We are asking members to reach out to friends and family members in suburban and rural communities represented by Senate Republicans. Helping these friends and family members understand the importance of special education and English Learner funding to students and families and the impacts on property taxes will be important. When districts are required to provide services, but the state does not fully fund the services, districts have two options — raise local property taxes or cut other services which may lead to increased class sizes or loss of other programs or services.
The House is dedicating $1.1 billion for schools for next year, and $2.2 billion for the following two years. The House education bill includes $422 million to special education in the first year and $997 million in the following two years. Their bill also phases in full funding of English Learner services. These two provisions would have a significant impact on the Minneapolis Schools budget. The Senate education bill does not provide any new funding to schools for special education and English Learner programming. It provides $30.7 million for teacher training for literacy next year and $1.4 million for the following two years. If an agreement is reached at the end of session, it will require Senate Republicans to come up significantly in their education expenditures. You can help activate parents in their Senate districts by following the steps in the action alert.
We are preparing for the last six weeks of the legislative session. Several parents groups are advocating for the full funding of special education and English Learner services. They will provide concrete action steps parents and community members may take to help push for fully funding these important, mandated services.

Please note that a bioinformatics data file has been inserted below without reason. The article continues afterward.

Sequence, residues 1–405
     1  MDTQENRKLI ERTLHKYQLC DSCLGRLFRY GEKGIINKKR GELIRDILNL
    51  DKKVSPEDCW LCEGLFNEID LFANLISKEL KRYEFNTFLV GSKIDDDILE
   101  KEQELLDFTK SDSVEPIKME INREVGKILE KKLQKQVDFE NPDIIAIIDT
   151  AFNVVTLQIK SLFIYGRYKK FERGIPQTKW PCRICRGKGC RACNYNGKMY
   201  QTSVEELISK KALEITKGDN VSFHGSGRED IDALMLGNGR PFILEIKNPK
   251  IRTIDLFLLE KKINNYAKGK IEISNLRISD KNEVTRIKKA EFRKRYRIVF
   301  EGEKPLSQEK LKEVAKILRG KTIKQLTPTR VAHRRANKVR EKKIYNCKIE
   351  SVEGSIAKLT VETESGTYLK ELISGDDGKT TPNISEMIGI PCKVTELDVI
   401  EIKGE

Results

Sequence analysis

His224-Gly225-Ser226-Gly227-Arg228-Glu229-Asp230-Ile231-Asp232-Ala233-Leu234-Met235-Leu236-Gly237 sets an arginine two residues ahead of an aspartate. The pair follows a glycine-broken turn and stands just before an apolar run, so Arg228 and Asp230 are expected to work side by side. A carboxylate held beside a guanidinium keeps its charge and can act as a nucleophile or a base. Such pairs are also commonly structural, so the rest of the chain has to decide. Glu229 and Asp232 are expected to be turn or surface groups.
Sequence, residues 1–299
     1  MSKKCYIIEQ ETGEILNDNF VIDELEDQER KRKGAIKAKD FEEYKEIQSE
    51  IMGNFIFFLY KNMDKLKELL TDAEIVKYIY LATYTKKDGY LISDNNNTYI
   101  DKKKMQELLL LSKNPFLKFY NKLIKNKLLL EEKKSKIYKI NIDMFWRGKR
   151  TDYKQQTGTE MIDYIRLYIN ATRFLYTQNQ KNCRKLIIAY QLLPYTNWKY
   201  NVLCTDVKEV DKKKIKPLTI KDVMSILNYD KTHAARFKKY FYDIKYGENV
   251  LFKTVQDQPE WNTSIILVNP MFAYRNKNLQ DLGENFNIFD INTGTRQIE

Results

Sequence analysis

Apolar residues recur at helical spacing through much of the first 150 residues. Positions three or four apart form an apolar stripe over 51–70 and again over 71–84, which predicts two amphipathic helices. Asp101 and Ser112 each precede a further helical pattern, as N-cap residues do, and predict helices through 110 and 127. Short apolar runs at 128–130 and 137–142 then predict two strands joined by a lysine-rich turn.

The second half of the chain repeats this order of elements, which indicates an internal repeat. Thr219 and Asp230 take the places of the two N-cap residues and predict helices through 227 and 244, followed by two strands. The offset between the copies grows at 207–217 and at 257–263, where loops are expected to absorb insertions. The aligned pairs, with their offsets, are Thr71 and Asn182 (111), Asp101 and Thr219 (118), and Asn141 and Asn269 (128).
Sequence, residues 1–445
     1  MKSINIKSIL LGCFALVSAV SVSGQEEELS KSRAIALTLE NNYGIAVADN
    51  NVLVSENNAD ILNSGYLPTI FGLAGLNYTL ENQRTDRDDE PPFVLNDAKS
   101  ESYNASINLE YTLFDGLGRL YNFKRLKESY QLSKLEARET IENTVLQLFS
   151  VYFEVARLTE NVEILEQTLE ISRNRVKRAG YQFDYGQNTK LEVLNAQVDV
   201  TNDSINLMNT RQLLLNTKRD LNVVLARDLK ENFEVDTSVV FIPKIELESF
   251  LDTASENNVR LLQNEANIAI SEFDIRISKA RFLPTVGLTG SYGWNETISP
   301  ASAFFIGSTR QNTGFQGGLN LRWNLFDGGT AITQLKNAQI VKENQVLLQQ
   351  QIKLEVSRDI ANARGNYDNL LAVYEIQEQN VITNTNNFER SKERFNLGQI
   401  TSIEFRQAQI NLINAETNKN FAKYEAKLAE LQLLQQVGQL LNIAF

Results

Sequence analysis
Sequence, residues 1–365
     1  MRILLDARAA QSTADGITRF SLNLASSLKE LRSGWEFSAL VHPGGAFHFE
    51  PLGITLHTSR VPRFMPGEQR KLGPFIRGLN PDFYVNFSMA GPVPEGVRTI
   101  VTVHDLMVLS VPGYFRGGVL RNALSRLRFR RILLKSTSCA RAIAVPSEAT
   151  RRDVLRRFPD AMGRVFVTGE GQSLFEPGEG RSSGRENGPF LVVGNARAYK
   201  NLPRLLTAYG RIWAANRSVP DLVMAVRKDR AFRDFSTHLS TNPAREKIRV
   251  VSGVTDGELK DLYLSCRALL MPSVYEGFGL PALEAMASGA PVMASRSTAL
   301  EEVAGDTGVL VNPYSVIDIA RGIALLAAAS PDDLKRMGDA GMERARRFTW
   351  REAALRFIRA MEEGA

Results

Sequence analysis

The Minnesota House and Senate each released their education budget bills. The House heard your voices; their omnibus education finance bill would allocate $1.1 billion to early education through grade 12 for fiscal year 2023 and $2.2 billion for fiscal years 2024 and 2025.
The Senate, unfortunately, did not put forward any new funding for priorities, such as special education or English Learner programs. The Senate bill would allocate only $30.7 million for fiscal year 2023 and $1.4 million for fiscal years 2024 and 2025.
When the Legislature returns from their break on April 19, they will have a month left in the legislative session. Now is the time to ramp up pressure on Senate Republicans who must strike a deal with Governor Walz and House Democrats if any new school funding will get passed this session.
We are asking advocates to reach out to friends and family in key suburban and Greater Minnesota communities represented by Republican State Senators.
Ask their State Senator to fully fund special education and English Learner programs. These important, mandated services are underfunded and have required school districts to seek increased property taxes to make up for inadequate state funding. The State Senate can hold down future property tax increases by fully funding special education and English Learner programs.
Here are a few of the communities we are seeking to activate to call their State Senators: